Chris Klodt's life was turned upside down in an instant.

Nine years ago, the retired corporal was on patrol near a remote base in the Panjwai district of Afghanistan when he and his fellow soldiers came under fire.

"(It was) an ambush, there was a firefight and an exchange of rounds. I ended up getting shot in the neck," Klodt said.

The injury left him a quadriplegic.

And for many veterans, such as Klodt, returning home presents a new set of challenges.

But Renos for Heroes is doing its best to ease the transition.

The organization, which is mostly funded by donations and in part by the Defence Department, helps renovate homes for disabled soldiers.

It was started by master contractor Jim Caruk four years ago, after he heard about soldiers who were struggling to deal with the effects of post-traumatic stress disorder.

Out of the blue, Caruk contacted Klodt and asked him how he could help.

"(I said) 'if you could have anything, what would it be?'" recalled Caruk. "He said 'I would love my shop again – I would love to work with my hands.'"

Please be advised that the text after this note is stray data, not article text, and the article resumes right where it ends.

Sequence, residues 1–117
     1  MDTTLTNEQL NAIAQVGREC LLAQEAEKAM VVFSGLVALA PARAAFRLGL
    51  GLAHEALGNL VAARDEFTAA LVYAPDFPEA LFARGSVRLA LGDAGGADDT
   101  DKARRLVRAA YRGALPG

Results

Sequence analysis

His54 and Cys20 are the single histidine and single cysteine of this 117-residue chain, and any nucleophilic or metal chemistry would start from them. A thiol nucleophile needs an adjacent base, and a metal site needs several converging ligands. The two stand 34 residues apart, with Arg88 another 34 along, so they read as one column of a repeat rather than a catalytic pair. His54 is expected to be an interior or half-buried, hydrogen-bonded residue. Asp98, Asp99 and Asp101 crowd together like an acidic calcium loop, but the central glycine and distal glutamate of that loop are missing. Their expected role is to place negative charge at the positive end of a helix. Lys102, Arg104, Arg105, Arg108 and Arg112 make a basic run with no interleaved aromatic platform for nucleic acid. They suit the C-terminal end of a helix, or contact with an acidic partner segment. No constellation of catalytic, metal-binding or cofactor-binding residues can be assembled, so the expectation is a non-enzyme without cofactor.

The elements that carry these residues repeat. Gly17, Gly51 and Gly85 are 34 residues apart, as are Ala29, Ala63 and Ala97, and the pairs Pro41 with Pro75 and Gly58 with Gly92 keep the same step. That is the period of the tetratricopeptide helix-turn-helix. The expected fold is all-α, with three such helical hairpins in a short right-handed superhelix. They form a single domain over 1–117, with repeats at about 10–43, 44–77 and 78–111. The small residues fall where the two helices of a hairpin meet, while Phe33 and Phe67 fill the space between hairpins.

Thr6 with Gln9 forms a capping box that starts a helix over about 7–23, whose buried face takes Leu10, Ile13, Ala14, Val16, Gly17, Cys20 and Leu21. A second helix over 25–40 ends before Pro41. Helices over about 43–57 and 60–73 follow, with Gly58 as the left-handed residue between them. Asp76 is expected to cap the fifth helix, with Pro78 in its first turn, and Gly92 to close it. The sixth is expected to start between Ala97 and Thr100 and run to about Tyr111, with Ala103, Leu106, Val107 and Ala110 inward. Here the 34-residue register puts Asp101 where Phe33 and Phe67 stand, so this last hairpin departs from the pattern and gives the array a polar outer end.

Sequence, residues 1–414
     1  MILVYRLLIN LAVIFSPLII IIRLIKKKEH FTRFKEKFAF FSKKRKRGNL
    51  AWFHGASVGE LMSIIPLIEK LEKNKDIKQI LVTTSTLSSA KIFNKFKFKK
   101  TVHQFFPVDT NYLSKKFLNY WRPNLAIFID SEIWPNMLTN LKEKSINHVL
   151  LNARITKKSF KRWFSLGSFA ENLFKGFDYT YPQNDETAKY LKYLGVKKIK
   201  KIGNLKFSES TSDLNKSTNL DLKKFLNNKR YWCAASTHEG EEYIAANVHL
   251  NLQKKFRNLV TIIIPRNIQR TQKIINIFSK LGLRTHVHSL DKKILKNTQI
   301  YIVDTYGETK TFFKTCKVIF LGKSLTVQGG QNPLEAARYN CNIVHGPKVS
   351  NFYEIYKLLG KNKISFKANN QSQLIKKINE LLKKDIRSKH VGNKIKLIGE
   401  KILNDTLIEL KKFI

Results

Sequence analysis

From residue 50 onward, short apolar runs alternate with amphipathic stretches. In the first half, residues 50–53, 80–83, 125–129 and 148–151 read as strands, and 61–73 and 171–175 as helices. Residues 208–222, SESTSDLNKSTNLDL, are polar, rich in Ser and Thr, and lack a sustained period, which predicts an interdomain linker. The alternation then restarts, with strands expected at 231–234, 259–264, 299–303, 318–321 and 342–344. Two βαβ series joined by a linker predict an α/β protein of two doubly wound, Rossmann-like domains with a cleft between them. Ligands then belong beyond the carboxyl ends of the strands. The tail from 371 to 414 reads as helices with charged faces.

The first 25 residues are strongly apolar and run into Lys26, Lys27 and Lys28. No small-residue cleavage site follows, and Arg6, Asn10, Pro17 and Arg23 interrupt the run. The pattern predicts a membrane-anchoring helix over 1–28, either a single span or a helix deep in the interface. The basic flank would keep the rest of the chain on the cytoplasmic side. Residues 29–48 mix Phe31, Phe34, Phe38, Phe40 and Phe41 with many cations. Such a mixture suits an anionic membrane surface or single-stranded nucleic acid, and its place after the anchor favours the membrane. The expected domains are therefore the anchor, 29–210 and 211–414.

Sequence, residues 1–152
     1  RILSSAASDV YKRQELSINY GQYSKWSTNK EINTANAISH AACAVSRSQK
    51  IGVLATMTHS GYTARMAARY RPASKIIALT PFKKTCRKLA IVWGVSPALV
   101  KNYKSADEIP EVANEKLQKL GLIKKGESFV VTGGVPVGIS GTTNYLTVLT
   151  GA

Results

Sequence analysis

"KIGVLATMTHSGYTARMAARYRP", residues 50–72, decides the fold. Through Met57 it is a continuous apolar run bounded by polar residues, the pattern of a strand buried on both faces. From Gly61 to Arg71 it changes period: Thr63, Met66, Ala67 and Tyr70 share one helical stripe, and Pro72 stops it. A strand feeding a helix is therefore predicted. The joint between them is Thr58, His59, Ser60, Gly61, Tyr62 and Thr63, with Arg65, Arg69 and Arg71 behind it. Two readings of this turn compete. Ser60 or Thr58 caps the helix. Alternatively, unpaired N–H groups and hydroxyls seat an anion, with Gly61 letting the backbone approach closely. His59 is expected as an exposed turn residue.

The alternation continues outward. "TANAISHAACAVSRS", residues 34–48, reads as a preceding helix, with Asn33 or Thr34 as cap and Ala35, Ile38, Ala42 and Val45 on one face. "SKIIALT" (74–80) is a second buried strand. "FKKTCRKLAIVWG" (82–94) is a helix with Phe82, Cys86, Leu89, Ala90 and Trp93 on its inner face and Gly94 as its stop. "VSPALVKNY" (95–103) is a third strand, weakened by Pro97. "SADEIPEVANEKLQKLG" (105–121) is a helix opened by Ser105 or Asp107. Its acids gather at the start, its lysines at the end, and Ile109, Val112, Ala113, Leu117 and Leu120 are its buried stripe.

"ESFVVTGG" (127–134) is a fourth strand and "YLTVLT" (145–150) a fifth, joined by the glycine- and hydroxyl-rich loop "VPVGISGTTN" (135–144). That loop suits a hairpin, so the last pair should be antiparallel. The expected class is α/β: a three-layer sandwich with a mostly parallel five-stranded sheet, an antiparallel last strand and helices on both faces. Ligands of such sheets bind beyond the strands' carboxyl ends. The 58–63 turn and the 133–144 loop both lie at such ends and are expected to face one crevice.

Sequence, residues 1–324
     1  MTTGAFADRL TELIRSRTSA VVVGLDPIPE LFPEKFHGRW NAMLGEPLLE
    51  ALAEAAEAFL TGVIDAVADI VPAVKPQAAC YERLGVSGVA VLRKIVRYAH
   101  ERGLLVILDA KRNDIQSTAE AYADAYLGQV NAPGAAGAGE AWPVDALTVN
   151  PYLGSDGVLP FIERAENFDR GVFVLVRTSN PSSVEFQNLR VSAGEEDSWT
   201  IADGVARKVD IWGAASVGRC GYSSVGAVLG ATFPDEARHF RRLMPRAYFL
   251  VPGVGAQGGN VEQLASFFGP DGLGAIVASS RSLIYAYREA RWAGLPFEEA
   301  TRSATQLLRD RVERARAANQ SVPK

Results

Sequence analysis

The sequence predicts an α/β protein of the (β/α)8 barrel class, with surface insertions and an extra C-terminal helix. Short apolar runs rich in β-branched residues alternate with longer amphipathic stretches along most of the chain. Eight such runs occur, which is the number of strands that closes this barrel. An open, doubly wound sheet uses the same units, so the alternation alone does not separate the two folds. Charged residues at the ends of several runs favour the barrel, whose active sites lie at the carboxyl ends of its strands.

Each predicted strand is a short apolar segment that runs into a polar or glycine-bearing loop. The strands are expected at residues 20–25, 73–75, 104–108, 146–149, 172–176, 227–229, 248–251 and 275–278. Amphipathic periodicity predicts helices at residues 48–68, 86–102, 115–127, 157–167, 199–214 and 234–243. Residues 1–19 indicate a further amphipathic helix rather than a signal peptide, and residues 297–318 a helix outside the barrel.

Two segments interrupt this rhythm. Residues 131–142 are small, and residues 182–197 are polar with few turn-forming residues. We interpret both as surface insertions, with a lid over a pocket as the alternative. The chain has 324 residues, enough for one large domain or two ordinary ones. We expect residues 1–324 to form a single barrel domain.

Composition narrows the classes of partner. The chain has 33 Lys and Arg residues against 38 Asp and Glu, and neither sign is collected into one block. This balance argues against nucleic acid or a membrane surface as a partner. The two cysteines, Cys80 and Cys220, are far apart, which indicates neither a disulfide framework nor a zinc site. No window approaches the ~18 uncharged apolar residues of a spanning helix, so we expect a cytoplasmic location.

And now Klodt has a new workshop, tailored to his mobility needs.

"I love carpentry and it is my hobby," Klodt said. "It is what keeps me sane."

Capt. Wayne Johnston served in Bosnia and was a repatriation officer.

Last September, Renos for Heroes built him a new kitchen and he said he's grateful for the help.

"I could not sit and negotiate with a contractor … I would lose my raspberries," Johnston said.

"I've gone through a lot of stressful times, so this just lets me get away from it," he added.

In total, the organization has completed 10 projects, mostly concentrated in Ontario. But the plan is to eventually help veterans across the country.

"They've served us. They've give it all. I mean, what does it take for us to give a little back," said Caruk.

With a report from CTV News' Scott Laurie